Rolliver’s inn, the single alehouse at this end of the long and broken village, could only boast of an off-licence; hence, as nobody could legally drink on the premises, the amount of overt accommodation for consumers was strictly limited to a little board about six inches wide and two yards long, fixed to the garden palings by pieces of wire, so as to form a ledge. On this board thirsty strangers deposited their cups as they stood in the road and drank, and threw the dregs on the dusty ground to the pattern of Polynesia, and wished they could have a restful seat inside.
Thus the strangers. But there were also local customers who felt the same wish; and where there’s a will there’s a way.
In a large bedroom upstairs, the window of which was thickly curtained with a great woollen shawl lately discarded by the landlady, Mrs Rolliver, were gathered on this evening nearly a dozen persons, all seeking beatitude; all old inhabitants of the nearer end of Marlott, and frequenters of this retreat. Not only did the distance to the The Pure Drop, the fully-licensed tavern at the further part of the dispersed village, render its accommodation practically unavailable for dwellers at this end; but the far more serious question, the quality of the liquor, confirmed the prevalent opinion that it was better to drink with Rolliver in a corner of the housetop than with the other landlord in a wide house.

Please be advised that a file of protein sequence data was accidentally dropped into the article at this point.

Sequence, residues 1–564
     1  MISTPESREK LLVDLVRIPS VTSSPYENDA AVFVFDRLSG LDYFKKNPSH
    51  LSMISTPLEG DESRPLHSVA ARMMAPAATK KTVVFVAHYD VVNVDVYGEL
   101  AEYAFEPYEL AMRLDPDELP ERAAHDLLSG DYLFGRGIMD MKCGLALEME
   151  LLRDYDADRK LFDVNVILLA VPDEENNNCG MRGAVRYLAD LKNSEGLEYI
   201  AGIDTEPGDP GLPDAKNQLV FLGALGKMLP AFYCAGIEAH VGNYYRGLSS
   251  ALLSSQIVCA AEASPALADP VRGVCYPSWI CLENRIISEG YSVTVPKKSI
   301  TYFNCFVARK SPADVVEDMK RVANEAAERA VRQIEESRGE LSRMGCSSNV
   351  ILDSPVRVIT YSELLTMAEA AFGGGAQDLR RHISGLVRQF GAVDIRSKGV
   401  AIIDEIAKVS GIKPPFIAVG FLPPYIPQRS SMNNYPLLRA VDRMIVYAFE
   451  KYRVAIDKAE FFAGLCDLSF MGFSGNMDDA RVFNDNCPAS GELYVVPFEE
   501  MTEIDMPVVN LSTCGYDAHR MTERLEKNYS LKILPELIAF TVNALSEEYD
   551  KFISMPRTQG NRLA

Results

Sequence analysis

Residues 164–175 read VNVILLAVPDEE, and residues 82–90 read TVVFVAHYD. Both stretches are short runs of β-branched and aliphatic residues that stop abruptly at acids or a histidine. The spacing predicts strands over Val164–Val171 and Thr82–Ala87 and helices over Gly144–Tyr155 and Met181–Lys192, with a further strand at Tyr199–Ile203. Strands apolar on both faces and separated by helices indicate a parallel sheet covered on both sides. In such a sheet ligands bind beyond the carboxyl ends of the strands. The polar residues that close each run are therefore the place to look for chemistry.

A gaunt four-post bedstead which stood in the room afforded sitting-space for several persons gathered round three of its sides; a couple more men had elevated themselves on a chest of drawers; another rested on the oak-carved “cwoffer”; two on the wash-stand; another on the stool; and thus all were, somehow, seated at their ease. The stage of mental comfort to which they had arrived at this hour was one wherein their souls expanded beyond their skins, and spread their personalities warmly through the room. In this process the chamber and its furniture grew more and more dignified and luxurious; the shawl hanging at the window took upon itself the richness of tapestry; the brass handles of the chest of drawers were as golden knockers; and the carved bedposts seemed to have some kinship with the magnificent pillars of Solomon’s temple.
Mrs Durbeyfield, having quickly walked hitherward after parting from Tess, opened the front door, crossed the downstairs room, which was in deep gloom, and then unfastened the stair-door like one whose fingers knew the tricks of the latches well. Her ascent of the crooked staircase was a slower process, and her face, as it rose into the light above the last stair, encountered the gaze of all the party assembled in the bedroom.
“—Being a few private friends I’ve asked in to keep up club-walking at my own expense,” the landlady exclaimed at the sound of footsteps, as glibly as a child repeating the Catechism, while she peered over the stairs. “Oh, ’tis you, Mrs Durbeyfield—Lard—how you frightened me!—I thought it might be some gaffer sent by Gover’ment.”